Sp. Pl. 1: 126. 1753 (as crispum)
Phenology: Flowering spring–summer.
Habitat: Quiet waters, especially brackish, alkaline, or eutrophic waters of ponds, lakes, and streams
Elevation: 0–2000 m
Alta., B.C., Ont., Que., Sask., Ala., Ariz., Ark., Calif., Conn., Del., D.C., D.C., Fla., Ga., Ill., Ind., Iowa, Kans., Ky., La., Maine, Md., Mass., Mich., Minn., Mo., Nebr., Nev., N.H., N.J., N.Y., N.C., Ohio, Okla., Oreg., Pa., R.I., S.Dak., Tenn., Tex., Utah, Vt., Va., Wash., W.Va., Wis., Wyo., Central America (Costa Rica), South America (Colombia, and Argentina), Eurasia, Australia.
No specimens have been seen from New Brunswick, but the species is to be expected there.
Potamogeton crispus, an introduced species, has spread throughout much of North America. The expansion of this species’s range from its original collection in North America, apparently about 1840, has been discussed (R. L. Stuckey 1979). This is the only species of pondweeds in North America with serrate leaves and consequently it is easily recognized.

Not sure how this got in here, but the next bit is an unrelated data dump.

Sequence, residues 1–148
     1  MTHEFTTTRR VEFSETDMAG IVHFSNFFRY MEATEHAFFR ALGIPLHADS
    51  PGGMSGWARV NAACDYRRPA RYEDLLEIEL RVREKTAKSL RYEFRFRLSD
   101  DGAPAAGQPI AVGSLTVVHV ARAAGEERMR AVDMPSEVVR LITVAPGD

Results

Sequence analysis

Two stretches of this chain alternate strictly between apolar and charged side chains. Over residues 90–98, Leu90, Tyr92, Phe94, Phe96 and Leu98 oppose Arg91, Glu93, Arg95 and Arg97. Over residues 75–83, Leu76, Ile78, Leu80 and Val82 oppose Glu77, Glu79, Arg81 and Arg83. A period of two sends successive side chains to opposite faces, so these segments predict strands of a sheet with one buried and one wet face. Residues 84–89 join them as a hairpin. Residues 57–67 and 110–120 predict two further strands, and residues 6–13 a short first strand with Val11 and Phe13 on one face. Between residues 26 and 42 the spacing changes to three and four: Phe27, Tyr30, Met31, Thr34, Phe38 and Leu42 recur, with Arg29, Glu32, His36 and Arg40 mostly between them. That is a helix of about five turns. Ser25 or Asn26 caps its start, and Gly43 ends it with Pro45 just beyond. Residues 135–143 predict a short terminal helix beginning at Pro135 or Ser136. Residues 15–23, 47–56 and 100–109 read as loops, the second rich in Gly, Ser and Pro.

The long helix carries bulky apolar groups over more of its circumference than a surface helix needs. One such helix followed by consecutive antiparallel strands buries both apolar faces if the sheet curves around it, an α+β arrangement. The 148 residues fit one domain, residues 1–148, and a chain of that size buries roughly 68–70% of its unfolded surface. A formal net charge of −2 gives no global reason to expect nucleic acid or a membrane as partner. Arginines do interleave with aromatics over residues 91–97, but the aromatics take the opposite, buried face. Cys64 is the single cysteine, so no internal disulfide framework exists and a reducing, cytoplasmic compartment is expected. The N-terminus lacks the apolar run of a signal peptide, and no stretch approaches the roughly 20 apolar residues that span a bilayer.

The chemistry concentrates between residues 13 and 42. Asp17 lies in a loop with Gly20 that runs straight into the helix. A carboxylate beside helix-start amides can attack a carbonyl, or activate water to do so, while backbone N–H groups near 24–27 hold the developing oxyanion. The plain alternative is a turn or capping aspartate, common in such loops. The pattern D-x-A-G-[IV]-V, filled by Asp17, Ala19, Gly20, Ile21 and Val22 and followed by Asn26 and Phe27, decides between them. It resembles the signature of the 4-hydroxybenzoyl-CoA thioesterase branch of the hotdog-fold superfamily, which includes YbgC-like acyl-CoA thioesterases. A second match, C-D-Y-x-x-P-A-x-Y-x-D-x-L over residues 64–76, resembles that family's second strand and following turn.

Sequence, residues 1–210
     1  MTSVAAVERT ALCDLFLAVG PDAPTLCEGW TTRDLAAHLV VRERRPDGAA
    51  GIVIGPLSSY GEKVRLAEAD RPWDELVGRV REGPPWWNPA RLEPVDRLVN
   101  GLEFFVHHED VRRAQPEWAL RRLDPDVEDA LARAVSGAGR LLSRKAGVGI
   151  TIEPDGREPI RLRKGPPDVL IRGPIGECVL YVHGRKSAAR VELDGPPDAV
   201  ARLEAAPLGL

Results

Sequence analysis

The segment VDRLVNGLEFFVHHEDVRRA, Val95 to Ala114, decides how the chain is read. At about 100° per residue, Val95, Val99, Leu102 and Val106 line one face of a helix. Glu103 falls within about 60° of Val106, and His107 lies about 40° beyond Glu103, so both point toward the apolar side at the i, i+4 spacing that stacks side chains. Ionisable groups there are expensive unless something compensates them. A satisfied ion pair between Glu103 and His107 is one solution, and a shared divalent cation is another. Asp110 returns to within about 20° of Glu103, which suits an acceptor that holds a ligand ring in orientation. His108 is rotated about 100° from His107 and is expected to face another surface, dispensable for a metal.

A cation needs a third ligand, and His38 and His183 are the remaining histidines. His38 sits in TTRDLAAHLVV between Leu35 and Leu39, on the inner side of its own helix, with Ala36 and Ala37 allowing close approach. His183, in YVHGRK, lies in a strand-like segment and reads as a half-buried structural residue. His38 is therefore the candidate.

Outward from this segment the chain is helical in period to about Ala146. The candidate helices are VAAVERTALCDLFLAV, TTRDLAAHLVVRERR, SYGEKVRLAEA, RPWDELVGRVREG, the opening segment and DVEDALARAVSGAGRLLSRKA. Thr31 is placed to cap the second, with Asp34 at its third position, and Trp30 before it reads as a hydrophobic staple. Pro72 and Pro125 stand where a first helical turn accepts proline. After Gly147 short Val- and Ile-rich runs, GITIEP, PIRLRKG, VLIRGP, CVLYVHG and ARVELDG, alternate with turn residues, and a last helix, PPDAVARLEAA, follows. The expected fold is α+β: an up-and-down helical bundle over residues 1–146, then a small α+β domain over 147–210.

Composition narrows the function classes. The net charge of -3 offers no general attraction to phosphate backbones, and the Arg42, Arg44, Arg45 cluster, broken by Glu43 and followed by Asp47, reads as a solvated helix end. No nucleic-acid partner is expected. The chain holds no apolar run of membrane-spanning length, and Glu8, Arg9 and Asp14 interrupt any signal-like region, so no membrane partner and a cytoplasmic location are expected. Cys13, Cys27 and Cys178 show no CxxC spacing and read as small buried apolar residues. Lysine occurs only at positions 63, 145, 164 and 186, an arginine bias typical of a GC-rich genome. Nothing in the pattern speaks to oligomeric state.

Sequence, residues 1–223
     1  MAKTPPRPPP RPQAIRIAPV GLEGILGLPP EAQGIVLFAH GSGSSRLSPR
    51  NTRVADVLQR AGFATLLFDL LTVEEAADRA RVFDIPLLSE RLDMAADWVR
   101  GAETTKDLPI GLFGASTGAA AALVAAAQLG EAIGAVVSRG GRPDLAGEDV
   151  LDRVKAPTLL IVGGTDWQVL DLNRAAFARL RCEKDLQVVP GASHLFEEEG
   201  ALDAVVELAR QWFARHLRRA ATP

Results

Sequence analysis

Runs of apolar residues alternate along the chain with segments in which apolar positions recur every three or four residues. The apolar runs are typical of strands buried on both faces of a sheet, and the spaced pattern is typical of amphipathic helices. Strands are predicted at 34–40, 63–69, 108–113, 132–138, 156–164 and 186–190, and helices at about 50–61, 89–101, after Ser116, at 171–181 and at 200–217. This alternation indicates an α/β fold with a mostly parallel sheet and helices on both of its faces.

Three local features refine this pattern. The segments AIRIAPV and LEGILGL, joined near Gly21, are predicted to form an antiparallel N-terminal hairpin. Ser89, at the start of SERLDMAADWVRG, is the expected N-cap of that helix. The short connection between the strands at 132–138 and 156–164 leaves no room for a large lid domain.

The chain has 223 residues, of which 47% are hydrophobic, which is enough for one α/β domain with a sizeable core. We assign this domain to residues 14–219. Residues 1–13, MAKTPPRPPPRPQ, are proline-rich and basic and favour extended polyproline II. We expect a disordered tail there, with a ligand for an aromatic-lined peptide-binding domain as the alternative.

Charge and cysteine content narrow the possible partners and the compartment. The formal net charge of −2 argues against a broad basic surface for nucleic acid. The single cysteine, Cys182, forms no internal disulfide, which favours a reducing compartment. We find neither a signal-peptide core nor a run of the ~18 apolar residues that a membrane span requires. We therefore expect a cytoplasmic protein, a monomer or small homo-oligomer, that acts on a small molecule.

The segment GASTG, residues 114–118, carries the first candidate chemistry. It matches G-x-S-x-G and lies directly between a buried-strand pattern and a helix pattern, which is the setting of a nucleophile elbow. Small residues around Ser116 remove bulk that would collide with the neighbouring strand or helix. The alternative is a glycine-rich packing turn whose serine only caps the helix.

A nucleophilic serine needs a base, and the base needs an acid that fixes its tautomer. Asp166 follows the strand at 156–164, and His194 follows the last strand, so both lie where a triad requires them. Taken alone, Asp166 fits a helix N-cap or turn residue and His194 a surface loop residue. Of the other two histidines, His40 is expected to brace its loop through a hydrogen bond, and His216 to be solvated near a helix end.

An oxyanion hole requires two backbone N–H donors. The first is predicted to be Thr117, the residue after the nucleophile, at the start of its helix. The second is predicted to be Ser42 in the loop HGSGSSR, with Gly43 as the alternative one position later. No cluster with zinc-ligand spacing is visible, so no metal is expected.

Life history of Potamogeton crispus is unusual as it flowers and fruits in late spring and early summer, at which time it also produces turions. The plants decay shortly after those structures develop, leaving only fruits and turions, which survive the summer. No one has observed any seed germination, but the turions (referred to as dormant apices) germinate in late summer or fall, and the plants overwinter as small plants only a few cm centimeters in size, even under the ice in northern climates (R. L. Stuckey et al. 1978). Growth then continues as the water begins warming in the spring.
One hybrid, Potamogeton crispus × P. praelongus (= P. × undulatus Wolfgang ex Schultes & Schultes f.), has been described.
Stuckey, R. L., J. R. Wehrmeister, and R. J. Bartolotta. 1978. Submersed aquatic vascular plants in ice-covered ponds of central Ohio. Rhodora 80: 203--208. One hybrid, Potamogeton crispus ´ P. praelongus (= P. ´ undulatus Wolfgang ex Schultes & Schultes f.), has been described.